The firm recently acted in proceedings under the Children Act 1989. The case involved a child who lived in England but was born to a French father and English mother. The father sought contact with the child, including direct contact in France and England during holiday periods.
Thankfully, the parties were able to reach an agreement upon the above with assistance from the court. It was also recognised by both parents that as direct contact would be limited, indirect contact via Skype would be a valuable way of maintaining contact between the child and the father.
Skype and other forms of webcam contact offer a key advantage over ‘traditional’ indirect contact such as telephone calls, letters/cards and email. The ability for the child and the parent to see each other and interact spontaneously is fantastic, especially when parents live some distance apart. Of course, Skype cannot replace direct, face-to-face contact, but it is probably the next best thing.
As with all forms of contact though, care and thought needs to be taken over practicalities. The case referred to above threw up the following issues:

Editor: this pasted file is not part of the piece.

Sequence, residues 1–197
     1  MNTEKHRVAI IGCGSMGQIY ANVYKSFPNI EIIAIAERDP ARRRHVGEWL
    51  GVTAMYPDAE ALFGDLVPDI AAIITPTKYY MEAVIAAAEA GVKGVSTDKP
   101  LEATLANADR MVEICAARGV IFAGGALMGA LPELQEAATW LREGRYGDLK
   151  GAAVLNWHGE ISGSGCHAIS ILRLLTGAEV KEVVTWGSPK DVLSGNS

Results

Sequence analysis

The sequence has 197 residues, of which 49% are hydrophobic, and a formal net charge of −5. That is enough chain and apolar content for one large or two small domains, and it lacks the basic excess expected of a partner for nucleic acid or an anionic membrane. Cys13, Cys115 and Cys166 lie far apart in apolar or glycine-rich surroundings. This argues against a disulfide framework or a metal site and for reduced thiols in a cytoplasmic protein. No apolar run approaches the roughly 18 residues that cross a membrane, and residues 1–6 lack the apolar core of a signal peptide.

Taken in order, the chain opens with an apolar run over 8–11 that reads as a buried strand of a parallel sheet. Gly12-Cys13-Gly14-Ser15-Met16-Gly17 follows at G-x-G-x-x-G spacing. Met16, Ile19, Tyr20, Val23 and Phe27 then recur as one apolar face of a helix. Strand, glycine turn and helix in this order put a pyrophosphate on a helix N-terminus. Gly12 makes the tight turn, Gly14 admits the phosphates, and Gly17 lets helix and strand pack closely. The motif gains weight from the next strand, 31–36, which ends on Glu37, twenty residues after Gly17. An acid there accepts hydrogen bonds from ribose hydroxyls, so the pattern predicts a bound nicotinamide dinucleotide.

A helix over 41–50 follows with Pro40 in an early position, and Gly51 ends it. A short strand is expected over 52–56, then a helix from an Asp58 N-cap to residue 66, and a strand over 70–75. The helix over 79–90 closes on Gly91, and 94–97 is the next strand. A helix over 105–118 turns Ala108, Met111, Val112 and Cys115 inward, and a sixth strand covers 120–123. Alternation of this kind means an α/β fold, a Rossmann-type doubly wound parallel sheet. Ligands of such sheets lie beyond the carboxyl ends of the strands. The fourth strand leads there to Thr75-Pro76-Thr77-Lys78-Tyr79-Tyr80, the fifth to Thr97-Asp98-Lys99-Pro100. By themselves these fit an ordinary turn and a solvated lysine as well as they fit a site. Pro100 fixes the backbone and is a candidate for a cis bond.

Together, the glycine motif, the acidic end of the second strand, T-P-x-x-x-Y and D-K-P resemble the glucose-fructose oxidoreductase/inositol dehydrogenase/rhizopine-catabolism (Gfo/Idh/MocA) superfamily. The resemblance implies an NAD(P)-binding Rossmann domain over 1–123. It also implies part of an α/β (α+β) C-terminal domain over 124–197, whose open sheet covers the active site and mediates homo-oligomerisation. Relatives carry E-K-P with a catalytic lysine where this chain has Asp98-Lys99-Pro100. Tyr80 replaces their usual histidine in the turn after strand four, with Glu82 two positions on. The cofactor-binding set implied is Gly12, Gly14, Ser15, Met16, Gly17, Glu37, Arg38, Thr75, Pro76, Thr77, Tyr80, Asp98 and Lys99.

• Who is to initiate the Skype contact?
• When will take place and at what time?
• What happens if technical issues make Skype contact impossible?
More recently, the High Court has shown a willingness to embrace Skype as a platform by which witnesses living outside of England and Wales can give evidence. In a recent case the High Court was asked to make an adoption order for a 11 year old girl of Tibetan Mongolian origin.
During the course of the proceedings it was necessary for the parents’ consent to the adoption to be sought. Whilst the girl resided in England, her parents remained in Nepal. The solution identified to obtain their consent was Skype. The parents were able to attend at a lawyer’s office in Nepal and the process of them giving consent to the adoption was witnessed by the child’s Guardian and solicitor via Skype.
However, caution remains over the use of Skype as a means of obtaining/giving evidence in family proceedings. In another recent case, a mother wished to permanently remove her 6 year old son from England to Columbia. Evidence was needed from a witness in Columbia and the mother’s solicitors asked for permission for that evidence to be given via Skype. The court originally rejected that request owing to concerns that the picture of the witness would not be visible to everybody and that Skype itself would not be secure.
The solution identified, and approved by the court, was for an IT company to install a bridge between the witness using Skype and the IT system used by the court. This technology provided protection against hacking and ensured that the quality of the video link between the witness and the court was adequate.